For special education teachers, sometimes there can be more opportunities for traumatic experiences due to dealing with students with emotional disturbances. For one such teacher, the experience of watching a child become erratic and angry and wanting to kill someone who had been “texting him, pretending to be a girl,” has made her feel “freaked out” about being alone with students.

Bullying from administrators can also cause PTSD in teachers. One teacher knows “of administrators [who] publicly and privately bullied teachers so bad that they” caused trauma and it “completely destroyed the careers of these teachers not to mention their dignity.” She states that hundreds of teachers have reported this same experience.

Violence in the classroom is another issue that teachers often deal with that creates traumatic experiences. A teacher worked in a charter school “with very little administrative support” and experienced things like kids “spitting in [her] coffee, screaming and banging heads on walls, smearing feces on the walls in the bathroom and so much more.” She even had a “parent come into [her] room and beat her child with a leather belt in front of the room while verbally threatening him.” Unfortunately, her principal’s response to her report was that she was “being too sensitive and hadn’t been in  education long enough.” While she prayed to make it through the year, she wound up being “tackled on the playground by older kids” and went out on disability. Her counselor later diagnosed her with PTSD. Another teacher who worked “at an alternative school for 4 years with highly violent and abusive students” where both staff and students “were constantly getting injured due to [student] aggression,” including herself wound up needing to switch to a regular school. Despite this, she is “still hyper-vigilant in the classroom” and she has health issues as a result.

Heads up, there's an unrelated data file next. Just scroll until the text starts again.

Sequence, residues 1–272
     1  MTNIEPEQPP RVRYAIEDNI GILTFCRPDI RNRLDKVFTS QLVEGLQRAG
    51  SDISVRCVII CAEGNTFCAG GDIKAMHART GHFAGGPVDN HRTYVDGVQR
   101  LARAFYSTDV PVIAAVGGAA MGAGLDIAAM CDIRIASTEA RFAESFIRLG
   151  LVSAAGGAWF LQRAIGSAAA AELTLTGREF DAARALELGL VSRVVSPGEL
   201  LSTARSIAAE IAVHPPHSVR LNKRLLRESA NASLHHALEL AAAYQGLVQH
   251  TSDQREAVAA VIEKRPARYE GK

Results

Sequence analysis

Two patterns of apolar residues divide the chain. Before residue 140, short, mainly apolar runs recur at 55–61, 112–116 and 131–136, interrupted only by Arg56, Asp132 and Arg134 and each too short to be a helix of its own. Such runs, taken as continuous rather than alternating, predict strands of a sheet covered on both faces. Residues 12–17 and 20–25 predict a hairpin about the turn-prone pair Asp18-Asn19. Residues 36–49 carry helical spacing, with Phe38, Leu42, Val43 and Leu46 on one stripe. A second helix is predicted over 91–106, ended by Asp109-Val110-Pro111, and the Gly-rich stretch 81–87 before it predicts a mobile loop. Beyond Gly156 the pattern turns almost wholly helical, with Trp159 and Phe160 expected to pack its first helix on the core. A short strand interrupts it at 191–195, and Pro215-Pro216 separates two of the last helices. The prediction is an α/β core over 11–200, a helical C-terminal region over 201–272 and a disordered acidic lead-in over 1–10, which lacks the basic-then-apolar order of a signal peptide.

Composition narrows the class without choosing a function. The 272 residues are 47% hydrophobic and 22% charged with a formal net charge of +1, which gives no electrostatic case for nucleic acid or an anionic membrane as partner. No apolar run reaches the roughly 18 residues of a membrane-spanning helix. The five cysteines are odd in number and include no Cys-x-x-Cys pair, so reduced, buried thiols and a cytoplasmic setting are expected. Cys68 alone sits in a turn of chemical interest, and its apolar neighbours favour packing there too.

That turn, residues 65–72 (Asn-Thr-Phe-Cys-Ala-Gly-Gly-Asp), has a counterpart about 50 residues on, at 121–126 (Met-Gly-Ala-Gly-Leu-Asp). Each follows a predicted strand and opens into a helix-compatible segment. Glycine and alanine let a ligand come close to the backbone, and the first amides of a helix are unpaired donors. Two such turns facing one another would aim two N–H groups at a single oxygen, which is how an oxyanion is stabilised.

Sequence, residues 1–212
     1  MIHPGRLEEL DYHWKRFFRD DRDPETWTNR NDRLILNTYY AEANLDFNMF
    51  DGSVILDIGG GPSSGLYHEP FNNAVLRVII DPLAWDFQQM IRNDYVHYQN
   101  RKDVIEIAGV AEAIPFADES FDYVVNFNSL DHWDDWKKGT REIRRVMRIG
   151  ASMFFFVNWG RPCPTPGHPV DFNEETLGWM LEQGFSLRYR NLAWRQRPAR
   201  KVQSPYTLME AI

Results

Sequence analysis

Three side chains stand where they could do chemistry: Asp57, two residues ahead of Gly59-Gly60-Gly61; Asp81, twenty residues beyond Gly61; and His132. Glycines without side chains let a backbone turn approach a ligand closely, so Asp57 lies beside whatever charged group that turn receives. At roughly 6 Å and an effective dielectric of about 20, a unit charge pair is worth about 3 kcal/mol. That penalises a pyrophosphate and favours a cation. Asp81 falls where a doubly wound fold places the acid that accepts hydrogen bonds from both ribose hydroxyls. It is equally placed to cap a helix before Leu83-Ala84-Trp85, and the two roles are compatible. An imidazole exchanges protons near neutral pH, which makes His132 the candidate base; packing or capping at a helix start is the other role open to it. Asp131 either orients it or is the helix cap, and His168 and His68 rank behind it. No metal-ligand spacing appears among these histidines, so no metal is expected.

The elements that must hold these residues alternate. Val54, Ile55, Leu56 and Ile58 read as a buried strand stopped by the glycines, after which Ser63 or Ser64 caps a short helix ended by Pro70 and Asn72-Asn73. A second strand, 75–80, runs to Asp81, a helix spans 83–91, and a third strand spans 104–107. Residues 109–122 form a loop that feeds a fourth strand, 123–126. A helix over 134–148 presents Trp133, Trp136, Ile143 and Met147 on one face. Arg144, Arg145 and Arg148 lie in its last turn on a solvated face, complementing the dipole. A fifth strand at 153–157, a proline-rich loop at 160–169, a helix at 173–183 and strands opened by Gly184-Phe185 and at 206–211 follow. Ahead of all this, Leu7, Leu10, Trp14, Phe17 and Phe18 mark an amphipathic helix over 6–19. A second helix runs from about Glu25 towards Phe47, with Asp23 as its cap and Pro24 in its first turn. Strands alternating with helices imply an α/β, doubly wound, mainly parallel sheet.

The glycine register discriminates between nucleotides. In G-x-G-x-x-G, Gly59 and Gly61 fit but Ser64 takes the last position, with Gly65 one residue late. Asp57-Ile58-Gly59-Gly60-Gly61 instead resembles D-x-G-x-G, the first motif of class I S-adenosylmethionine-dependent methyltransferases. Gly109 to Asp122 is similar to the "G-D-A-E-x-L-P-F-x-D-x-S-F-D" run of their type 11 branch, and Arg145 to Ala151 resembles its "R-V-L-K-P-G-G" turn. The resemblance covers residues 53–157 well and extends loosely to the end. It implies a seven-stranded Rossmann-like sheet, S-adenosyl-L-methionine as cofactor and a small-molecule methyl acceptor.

These examples just name a few of the issues teachers face in the classroom that can cause PTSD. But how does one deal with PTSD once they experience trauma in the classroom (or anywhere else)?

Dealing With PTSD

The Hope Line offers six suggestions for coping with PTSD, which I will list below. For elaboration on the techniques themselves, please visit their website. Here are their six self-help skills, listed below:

  1. Take some deep breaths
  2. Relax the muscles in your body
  3. Get back to doing the things you love
  4. Take good care of yourself
  5. Ground yourself during a flashback
  6. Know when to ask for help

If you’ve experienced trauma in the classroom and need help beyond these tips, finding a good counselor/therapist to help you work through it can really help.

Let’s Be Real

While we know that PTSD is real with educators, the matters are increasingly worse if they suffer from mental health issues. We know that teachers suffer from mental health issues that they do not feel comfortable disclosing to their employers for fear of termination. If you work somewhere that you feel is unsupportive of your emotional needs, either find someone outside of work to talk to (like a therapist or a really good friend) or find a more supportive place to work. Life is too short to feel miserable at work. If you need someone to talk to, I am always open to talking to people about their experiences. Feel free to DM me up on Twitter (@embracespectrum) if you need a support person. Note: I am not a medical professional or therapist. I’m just someone who’s willing to listen to someone who needs to vent. 

Print Friendly, PDF & Email